"I've been through a lot in the ghetto and I wanted to tell my side of the story," says Master P. "I wanted to let my anger go on the music that I had. That was my way of crying. Every kid can't make it through there. I've seen a lot of smart kids die in the ghetto."

It was all part of Master P's master plan: "I definitely didn't want my kids to go through what I had gone through."

He started selling music out of the trunk of his car from place to place. Several months, hundreds of towns, and thousands of miles later, his album went gold. Master P had become a nationally known rap star.

In less than 10 years, this young father from the projects found himself on the cover of Fortune magazine. Master P, just 34, is now reportedly worth over $400 million. He did it by starting a record label and retaining the rights to all of his master recordings - something most performers just don't do.

"It's a blessing, I'm just thankful," says Master P. "You know, I mean, anything is better than what we had."

Having made their millions in music, rap's first father-and-son team is now making movies. Lil' Romeo plays the lead role in their new film, "Uncle P." Dad is executive producer and co-star.

"I call it Hollyhood," says Master P. "These movies, I finance myself. It's a competitive world, but you gotta think big."

"We're gonna be billionaires in about the next eight years," says Lil' Romeo.

Despite their extraordinary wealth, despite the flash and flesh often associated with the rap lifestyle, Master P and his wife, Sonya, live a traditional, even conservative, life.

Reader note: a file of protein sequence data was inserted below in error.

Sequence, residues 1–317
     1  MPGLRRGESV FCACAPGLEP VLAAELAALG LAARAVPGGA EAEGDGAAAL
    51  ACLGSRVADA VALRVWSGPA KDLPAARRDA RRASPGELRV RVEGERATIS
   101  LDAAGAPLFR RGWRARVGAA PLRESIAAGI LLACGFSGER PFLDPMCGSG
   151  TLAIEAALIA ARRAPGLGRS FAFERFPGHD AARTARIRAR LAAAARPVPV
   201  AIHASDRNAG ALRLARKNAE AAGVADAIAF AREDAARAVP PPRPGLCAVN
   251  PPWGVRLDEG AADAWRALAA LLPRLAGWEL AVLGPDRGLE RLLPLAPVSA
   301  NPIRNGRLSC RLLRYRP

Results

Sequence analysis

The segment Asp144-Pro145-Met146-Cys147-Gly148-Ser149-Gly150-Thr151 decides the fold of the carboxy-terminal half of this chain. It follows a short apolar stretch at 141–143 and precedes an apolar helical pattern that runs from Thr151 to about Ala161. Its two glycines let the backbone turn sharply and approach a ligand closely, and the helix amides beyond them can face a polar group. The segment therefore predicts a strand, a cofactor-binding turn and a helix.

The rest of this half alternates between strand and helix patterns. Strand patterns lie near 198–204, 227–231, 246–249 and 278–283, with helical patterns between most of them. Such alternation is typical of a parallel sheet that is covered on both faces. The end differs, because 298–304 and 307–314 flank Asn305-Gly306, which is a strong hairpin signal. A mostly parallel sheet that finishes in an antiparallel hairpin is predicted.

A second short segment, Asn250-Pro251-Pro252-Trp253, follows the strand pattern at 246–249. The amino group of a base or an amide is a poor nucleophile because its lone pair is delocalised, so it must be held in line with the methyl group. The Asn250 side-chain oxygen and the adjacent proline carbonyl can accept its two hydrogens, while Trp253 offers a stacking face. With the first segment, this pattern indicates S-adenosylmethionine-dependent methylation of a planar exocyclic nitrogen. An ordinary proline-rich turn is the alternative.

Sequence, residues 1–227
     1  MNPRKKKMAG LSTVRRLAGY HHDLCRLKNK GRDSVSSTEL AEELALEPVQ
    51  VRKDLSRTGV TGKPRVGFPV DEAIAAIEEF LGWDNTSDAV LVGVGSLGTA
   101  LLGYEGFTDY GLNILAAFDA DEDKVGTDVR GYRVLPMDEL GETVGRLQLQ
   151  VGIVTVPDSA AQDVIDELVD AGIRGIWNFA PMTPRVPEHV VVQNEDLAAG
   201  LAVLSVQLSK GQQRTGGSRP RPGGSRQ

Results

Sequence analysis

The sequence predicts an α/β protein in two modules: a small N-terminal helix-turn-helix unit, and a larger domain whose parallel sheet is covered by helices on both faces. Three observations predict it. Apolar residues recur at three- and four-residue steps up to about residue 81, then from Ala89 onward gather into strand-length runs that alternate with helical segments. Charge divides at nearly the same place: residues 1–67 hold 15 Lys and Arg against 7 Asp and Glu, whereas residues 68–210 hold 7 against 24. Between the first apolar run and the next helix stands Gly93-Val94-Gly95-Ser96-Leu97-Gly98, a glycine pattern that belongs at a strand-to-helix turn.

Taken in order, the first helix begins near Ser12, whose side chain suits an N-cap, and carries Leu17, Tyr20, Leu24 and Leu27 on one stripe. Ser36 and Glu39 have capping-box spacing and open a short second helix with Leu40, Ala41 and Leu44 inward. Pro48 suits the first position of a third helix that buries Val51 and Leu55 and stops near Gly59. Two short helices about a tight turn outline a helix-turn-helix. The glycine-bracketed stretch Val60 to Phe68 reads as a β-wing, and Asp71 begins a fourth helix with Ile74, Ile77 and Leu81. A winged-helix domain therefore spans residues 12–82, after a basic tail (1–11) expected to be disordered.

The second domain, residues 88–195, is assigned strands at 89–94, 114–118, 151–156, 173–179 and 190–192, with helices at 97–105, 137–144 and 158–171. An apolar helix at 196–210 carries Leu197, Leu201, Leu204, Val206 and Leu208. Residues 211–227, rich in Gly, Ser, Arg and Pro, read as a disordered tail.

"To be honest with you, I definitely have to give it up to my wife," says Master P. "We have six kids and she definitely makes sure the family value is there."

They also make sure their kids count their blessings.

"We always go back and ride through, you know, this is where your Dad lived at, this is where we could be living right now," says Master P.

These days, they also go back to give back.

"Making sure that education is back here, making sure that kids are able to get computers," says Master P. He says it's tough to see old friends who never made it out, and to remember other friends who simply never made it.

"It definitely makes you feel bad for the people that you can't help," he says. "You can only hope that the ones you do help will help the ones you missed."

Just down the street at St. Monica's Elementary School, there's a celebration. Nearly shut down for budgetary reasons, St. Monica's is open today, thanks to a large donation from former student Master P.

True wealth, he says, is not just about money.

"It ain't about the music, it ain't about the movies," says Master P. "It's about family. It's about making a way out for them."

It's lessons like these that make Master P the master of his universe - and keeps Ll' Romeo shooting for the stars.

"We always tell them, always get your education because if you have your education, you can accomplish anything," says Lil' Romeo. "You know, stay humble. Don't change for nobody."